DSU, M&T Partners to Mentor Students, Talent Diversification – DBT
guest author June 3, 2022
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Delaware State University is partnered with M&T Bank as part of the Executive Pipeline of Diversity (POD) mentoring program. | DBT PHOTO BY KATIE TABLEING
DOVER – Delaware State University (DSU) and M&T Bank are diversifying the banking industry – and the workforce at large – through a growing mentoring program.
The Executive Pipeline of Diversity (POD) mentoring program was launched in 2020 by DSU’s College of Business in partnership with M&T, although the university is now collaborating with additional institutions.
“DSU has reached out to other organizations to get them to join as well. It’s great to have other institutions involved, the more mentors we can recruit for the students the better,” said Randy Kunkle, M&T vice president and Regional Community Reinvestment Act manager.
Inspired by his involvement with the University of Delaware’s Lerner Executive Mentoring Program, Kunkle saw an opportunity to develop a similar program at DSU.
The Executive POD Mentoring program has grown rapidly since its first iteration of eight students and now serves approximately 40 mentees, DSU Assistant Dean for Student and Entrepreneurial Commitment Yahshikiah Hughes to the Delaware Business Times.
“We are proud of the success and development of the program over the past 18 months as we have seen significant growth… and several of our students have been offered internships as a direct result of being part of the mentoring program,” Hughes said .
DSU students participating in the program are paired with industry leaders and participate in professional development workshops.
“In the beginning there was a guide with topics to talk about: networking, problem solving, delegation,” says Kunkle.
Mentees can discuss these real-world skills with their mentors and focus on interviewing, resume building, and other soft skills alongside other mentees.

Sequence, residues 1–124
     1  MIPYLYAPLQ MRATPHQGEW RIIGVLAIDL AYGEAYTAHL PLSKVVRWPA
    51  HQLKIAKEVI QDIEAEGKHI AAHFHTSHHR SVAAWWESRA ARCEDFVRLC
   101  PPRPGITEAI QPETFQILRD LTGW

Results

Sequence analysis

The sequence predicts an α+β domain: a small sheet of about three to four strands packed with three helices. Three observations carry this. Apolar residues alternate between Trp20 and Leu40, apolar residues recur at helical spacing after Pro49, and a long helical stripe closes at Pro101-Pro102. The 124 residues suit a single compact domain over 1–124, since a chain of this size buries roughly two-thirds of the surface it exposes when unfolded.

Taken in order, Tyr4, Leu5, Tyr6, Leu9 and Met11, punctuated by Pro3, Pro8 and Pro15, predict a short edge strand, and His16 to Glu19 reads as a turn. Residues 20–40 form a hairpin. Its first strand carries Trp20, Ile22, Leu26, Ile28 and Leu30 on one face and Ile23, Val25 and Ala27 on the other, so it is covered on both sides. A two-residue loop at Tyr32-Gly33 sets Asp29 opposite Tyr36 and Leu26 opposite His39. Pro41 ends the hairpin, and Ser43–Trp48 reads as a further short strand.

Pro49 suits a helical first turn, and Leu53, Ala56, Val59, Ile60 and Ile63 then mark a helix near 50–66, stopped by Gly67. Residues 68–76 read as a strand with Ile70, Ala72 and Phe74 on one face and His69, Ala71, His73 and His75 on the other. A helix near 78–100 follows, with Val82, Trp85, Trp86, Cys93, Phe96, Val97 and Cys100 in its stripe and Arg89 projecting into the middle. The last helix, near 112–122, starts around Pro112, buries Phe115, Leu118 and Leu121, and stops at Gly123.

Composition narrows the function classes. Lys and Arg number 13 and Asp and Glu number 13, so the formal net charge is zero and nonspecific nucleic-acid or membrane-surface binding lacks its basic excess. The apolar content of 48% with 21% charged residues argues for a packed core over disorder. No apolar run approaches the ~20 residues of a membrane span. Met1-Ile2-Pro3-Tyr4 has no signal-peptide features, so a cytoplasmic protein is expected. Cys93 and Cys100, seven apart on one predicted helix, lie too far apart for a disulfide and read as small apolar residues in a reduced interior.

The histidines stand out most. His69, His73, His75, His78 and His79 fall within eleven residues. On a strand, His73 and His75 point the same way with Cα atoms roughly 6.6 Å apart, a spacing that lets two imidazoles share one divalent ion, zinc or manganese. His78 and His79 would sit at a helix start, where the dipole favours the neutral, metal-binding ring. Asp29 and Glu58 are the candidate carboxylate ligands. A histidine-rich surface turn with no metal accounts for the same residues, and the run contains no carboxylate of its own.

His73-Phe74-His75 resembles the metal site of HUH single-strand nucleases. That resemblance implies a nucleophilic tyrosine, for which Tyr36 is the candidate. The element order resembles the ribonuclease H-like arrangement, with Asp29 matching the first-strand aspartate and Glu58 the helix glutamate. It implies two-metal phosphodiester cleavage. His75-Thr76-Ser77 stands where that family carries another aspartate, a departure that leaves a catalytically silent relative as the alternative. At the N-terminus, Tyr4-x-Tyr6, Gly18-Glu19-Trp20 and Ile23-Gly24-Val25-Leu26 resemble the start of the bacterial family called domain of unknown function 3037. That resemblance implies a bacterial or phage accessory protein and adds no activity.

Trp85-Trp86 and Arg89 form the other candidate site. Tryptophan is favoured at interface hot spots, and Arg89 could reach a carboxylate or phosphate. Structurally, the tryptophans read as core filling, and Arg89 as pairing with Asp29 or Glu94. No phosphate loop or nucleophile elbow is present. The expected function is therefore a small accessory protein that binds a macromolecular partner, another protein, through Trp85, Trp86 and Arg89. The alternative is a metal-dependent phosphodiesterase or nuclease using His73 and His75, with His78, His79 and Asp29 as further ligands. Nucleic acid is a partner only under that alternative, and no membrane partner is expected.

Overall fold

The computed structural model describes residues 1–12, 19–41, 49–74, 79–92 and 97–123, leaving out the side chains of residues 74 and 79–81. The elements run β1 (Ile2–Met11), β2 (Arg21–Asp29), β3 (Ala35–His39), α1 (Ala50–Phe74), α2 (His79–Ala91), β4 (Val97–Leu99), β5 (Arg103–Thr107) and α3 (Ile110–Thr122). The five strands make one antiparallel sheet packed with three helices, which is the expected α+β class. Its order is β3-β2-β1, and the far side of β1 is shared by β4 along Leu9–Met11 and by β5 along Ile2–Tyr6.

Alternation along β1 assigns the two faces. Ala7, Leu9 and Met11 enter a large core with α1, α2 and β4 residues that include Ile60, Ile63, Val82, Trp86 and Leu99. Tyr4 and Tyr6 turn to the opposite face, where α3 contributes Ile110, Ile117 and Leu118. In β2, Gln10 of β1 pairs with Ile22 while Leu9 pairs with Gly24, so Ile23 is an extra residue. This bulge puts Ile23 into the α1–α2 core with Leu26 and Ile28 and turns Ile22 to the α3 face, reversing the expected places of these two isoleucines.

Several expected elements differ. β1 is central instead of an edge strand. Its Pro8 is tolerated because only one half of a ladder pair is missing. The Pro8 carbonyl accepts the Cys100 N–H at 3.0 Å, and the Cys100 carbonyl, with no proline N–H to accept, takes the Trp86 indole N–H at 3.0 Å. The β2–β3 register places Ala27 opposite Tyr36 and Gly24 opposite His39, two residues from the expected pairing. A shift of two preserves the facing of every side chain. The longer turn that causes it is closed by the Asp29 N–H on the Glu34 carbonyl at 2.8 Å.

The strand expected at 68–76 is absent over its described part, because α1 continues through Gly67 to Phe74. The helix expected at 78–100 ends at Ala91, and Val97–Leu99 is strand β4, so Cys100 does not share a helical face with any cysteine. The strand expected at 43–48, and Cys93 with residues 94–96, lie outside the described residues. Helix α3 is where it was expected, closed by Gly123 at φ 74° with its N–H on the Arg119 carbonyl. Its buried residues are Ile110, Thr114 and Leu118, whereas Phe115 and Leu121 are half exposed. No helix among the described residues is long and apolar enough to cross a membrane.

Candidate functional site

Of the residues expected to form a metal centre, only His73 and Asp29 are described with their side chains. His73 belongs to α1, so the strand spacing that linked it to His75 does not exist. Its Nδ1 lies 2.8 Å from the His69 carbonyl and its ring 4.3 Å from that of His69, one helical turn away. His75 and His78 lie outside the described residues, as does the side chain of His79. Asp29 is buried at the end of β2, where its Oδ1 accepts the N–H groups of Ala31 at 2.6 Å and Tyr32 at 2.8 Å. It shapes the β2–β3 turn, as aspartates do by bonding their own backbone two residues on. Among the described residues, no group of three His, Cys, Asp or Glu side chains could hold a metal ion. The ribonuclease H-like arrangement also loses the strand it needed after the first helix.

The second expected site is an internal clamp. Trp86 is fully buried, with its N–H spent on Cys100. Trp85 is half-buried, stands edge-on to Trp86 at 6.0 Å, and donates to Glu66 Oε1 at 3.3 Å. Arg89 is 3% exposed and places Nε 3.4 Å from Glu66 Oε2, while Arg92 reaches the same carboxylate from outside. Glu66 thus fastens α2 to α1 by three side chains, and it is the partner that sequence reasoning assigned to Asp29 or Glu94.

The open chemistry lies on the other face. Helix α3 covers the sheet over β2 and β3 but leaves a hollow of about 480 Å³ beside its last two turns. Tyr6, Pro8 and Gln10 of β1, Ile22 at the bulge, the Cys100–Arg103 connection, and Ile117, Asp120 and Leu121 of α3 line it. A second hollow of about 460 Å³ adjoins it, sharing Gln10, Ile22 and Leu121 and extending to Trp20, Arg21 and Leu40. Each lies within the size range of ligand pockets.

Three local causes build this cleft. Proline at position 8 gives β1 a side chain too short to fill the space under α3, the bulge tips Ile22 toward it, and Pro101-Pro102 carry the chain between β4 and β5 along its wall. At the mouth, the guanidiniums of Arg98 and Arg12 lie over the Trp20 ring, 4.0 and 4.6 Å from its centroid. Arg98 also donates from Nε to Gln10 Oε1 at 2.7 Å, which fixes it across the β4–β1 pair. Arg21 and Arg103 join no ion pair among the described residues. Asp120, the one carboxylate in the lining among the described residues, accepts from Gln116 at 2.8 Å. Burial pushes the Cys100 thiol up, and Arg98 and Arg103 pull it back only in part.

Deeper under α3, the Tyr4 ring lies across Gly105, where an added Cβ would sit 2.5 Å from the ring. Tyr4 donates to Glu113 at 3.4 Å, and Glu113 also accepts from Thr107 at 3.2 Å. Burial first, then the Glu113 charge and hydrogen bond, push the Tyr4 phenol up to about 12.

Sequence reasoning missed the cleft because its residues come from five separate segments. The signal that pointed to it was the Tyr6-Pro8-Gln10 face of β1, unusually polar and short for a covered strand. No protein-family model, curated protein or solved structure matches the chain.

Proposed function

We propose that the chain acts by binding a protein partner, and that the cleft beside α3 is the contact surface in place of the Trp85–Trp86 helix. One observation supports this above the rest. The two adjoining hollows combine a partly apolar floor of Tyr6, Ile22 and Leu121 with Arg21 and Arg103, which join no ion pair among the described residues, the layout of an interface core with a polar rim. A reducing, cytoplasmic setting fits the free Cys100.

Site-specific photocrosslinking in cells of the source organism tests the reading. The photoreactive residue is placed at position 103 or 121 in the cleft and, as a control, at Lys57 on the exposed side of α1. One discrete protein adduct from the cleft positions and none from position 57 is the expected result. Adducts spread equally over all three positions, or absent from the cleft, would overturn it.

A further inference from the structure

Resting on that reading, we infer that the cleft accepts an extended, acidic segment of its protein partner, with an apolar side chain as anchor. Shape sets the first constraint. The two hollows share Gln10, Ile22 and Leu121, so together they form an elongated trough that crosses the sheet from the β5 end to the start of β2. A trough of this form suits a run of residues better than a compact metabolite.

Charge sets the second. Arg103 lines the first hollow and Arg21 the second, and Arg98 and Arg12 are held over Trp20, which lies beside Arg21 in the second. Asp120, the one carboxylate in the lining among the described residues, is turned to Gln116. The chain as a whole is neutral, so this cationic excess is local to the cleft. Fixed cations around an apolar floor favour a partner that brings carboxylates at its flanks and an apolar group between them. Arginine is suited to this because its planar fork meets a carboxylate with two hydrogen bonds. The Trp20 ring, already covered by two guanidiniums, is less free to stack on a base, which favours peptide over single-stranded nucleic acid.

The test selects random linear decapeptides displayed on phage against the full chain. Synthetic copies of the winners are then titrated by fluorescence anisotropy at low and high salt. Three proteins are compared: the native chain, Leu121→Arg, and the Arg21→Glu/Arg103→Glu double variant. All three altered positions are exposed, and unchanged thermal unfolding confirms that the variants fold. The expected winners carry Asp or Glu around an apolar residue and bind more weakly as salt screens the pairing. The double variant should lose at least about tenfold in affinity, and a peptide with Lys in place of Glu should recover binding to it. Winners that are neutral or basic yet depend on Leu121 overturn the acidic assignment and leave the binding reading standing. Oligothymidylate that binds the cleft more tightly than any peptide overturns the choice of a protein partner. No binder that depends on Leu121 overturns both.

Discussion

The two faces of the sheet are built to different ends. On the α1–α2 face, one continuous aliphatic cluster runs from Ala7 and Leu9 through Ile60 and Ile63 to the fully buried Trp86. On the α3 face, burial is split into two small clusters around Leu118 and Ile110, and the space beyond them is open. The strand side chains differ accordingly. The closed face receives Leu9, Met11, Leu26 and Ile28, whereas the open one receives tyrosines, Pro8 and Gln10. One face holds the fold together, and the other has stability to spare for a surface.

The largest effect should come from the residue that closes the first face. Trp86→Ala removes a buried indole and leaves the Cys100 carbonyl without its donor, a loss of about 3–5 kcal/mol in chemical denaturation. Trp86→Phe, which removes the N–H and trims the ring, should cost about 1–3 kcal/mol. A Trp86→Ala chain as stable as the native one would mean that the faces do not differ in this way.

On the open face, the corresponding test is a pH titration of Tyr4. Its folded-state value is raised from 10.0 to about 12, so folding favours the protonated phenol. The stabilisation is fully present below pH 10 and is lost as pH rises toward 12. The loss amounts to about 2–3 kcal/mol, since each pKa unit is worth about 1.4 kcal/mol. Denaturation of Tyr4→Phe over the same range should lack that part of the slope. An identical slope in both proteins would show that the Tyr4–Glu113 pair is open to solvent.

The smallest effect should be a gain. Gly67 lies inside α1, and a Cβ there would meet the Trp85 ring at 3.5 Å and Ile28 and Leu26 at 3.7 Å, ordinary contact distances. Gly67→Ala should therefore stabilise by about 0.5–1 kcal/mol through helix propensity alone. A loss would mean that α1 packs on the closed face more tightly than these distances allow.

As the mentoring program expands, it builds on M&T’s pursuit of broader goals.
In its report, the bank referred to its commitment to working with marginalized groups Environmental, Social and Governance Report 2021. According to the report, DSU is one of several historically black colleges and universities (HBCUs) with which the bank is partnering.
“The executive mentoring program is a way to really bring the bank to these people, but also use it as a way to build a diverse talent pipeline,” said David Femi, senior vice president and head of Multicultural Banking and Diverse Market Strategy by M&T.
The bank achieves this goal by working with HBCUs like DSU and their students both inside and outside of the classroom.
DSU is the third-largest HBCU in the country, and many of its students are among the first in their families to go to college, said Femi, a DSU graduate student. Through the Executive Mentoring program, students receive guidance and knowledge that they may not otherwise have access to.
The Executive POD Mentoring Program not only provides students with industry connections and opportunities to develop their skills, but also facilitates the formation of real interpersonal connections.
“Year for year, [mentors] raise their hands and say, ‘I want to do this again.’ It’s more than just mentoring for these people, they become friends,” Femi said.
The relationships between mentors and mentees fostered by the program are mutually beneficial.
“It’s not a one-way street, we’re both learning. It’s not just me sharing my wisdom from the mountaintop,” Kunkle said.
In addition to its collaborative nature, the program encourages personalization. Mentees can work with their mentors to structure their experience to meet their specific goals.
Although the program was originally designed for mentors and mentees to meet at least once a month, Kunkle and his mentee meet weekly.
DSU and M&T’s program forges lifelong connections while providing DSU’s diverse business students with the skills, experience and confidence they need to differentiate themselves from employers and thrive in the banking industry.
DSU strives to pair everyone Business student at college with a mentor in the future, according to Hughes.